I was at a meeting this weekend by the Pop-up City and the documentary displayed about urban development fits into a wider recent trend where people kick the creative class and blame them for society’s ills. Usually the dreaded specter of gentrification is pulled out to show how apathetic and different and outright bad the Creative Class1 are.
The documentary shown last weekend “Creativity and the Capitalist City” by Tino Buchholz actually showed an interesting and nuanced picture of urban development. Unfortunately this was marred by the rabid and insubstantial left-wing outings of the movie maker afterwards. That discussion did oust a lot of resentment that I think needs to be addressed more openly and more honestly than it currently is.
As was remarked in die Zeit recently about the same issue in Berlin: the only thing worse than gentrification is no gentrification. The debate is a lot more heated over there because of the massive influx of hipsters and their friends from all over the world into an impoverished city. A trust fund takes you a lot further in Neukölln than it does in Bushwick, but it also sparks xenofobic pamflets and immolation of vehicles.
I am a part of that same creative class —if you want to use a blanket term— and probably also a cause of gentrification. But I am sick of apologizing for our success. We picked a profession, we worked hard, we created value (we are not bankers) and now we are winning. Well I can tell you: it feels good to be winning.
It is perverse to rest the blame of society’s ills on those people actually doing something with their lives. I have had this problem before. If you’re a successful migrant in the messed up social debate in the Netherlands, you were nearly forced to apologize for your own success to the rest who were not. I sure as hell wasn’t going to do that. The only solution is to ignore the naysayers. It always is of course.
I can do what I am doing because of a lot of hard work and perseverance. The field of study I got a Masters in is definitely not one of the easier ones at my university but it does guarantee you a job in a wide number of techno-creative fields. For some strange reason people still are not lining up to go to technical universities, and most that do go do not finish it. Complaining to somebody else must be easier than actually working to secure your own future.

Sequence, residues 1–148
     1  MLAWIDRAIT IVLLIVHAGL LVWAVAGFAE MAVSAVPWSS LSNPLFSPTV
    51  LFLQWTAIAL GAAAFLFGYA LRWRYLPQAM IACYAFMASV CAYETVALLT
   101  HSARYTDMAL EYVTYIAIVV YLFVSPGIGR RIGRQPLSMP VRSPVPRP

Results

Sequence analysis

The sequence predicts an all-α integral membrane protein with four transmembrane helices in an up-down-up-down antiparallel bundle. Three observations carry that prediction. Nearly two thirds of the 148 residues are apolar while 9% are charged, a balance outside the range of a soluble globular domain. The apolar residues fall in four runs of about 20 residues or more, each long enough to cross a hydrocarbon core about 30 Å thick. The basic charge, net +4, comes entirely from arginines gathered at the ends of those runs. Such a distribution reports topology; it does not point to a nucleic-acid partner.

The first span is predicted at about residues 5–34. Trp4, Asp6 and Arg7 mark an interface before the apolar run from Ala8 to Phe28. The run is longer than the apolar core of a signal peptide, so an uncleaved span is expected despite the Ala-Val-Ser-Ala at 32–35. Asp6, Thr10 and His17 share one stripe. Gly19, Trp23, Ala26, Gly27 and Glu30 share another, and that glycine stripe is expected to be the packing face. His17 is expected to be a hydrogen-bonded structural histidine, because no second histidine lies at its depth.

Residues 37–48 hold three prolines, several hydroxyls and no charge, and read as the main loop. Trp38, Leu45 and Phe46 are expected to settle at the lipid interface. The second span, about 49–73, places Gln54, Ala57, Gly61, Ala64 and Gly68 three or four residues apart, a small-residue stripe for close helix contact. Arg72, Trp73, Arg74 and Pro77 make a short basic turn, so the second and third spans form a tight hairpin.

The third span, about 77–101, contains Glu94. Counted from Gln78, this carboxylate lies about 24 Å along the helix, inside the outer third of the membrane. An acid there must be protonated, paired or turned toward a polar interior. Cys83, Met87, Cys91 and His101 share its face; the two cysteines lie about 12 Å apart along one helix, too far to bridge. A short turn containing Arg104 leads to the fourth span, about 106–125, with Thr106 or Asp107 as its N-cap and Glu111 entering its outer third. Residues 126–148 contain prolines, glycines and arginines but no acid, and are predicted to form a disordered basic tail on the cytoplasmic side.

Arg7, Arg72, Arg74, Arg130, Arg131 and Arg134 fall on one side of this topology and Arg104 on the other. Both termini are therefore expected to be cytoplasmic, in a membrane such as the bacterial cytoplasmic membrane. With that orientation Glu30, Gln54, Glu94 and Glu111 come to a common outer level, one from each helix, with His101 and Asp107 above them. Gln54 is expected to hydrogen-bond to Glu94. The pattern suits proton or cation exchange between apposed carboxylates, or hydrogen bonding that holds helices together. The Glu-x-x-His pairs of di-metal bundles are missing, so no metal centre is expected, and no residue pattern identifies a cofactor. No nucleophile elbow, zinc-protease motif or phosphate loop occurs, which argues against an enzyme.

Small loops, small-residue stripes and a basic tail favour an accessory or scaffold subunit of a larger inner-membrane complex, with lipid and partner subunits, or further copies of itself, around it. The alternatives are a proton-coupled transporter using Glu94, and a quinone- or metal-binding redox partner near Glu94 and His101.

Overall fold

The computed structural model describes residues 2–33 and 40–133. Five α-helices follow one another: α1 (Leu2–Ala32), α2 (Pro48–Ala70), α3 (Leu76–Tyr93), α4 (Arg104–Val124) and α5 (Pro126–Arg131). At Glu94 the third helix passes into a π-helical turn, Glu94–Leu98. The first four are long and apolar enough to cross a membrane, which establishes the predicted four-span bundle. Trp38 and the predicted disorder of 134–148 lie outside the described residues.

It is hard enough already in the attention starved world to stay up to date with your close ones without having to take into account every other person. Even more so if your outlook is international and you want to participate and compete on a trans-national level. A rare enough thing as it is. Should we do stuff for our neighborhood? Sure, but who should bear the onus? Shouldn’t the people who want to do stuff, maybe start something themselves and see where it goes?
Working in a creative profession is subject to taste but it is in many ways also highly meritocratic. Those with affluent parents and large networks will divide a larger piece of pie among themselves. But if you work hard and put in the effort with just a spark of vision, it will most certainly amount to something in the long run. If it doesn’t, change yourself and try something else. Keep trying until you find something that works. Is that difficult? Maybe, but it is also the only way.
“Opportunity is missed by most people because it comes dressed in overalls and looks like work.” —Thomas Edison
There are a ton of jobs in technology right now. Amsterdam cannot find itself enough interaction designers, interface designers, front-end engineers and programmers to fill current jobs. The shortage is large enough that a lot of growth opportunities are being hampered by it. Literally all comers will be able to get a job. So get at it. Teach yourself something, find a course and persevere for a couple of years. You may strike gold.
“You can tell yourself anything is too difficult, or you can just do it.
You just need to be hungry.” — http://www.nytimes.com/2011/10/09/opinion/sunday/i-went-back-to-the-land-to-feed-my-family.html?_r=2&pagewanted=all
We, the employed, already pay taxes. As a base that should be enough. If anybody out there is failing to keep up their end of the bargain, it’s the government we are paying the taxes to. They are bailing out the rich and keeping the poor ignorant with well meant institutional schemes that rarely amount to anything (just look at the Wire). Government should change and if the recent occupy movements serve as a wake-up call to do that, all for the better. Though experience does not make me very optimistic on that front.
If there is anything we shouldn’t do in the Netherlands, it is to pretend that things here are as bad as in the US or anywhere in Europe. We have the lowest unemployment in the Eurozone. We have an egalitarian society, cheap education, social security and mobility. Pretending otherwise is disingenuous and self-serving. You can do pretty much everything you want in this country and I say that not being white, not being privileged. I sincerely believe all it takes is for you to get out and make something. So do it.
- A horrible term, but the one we got to work with. ↩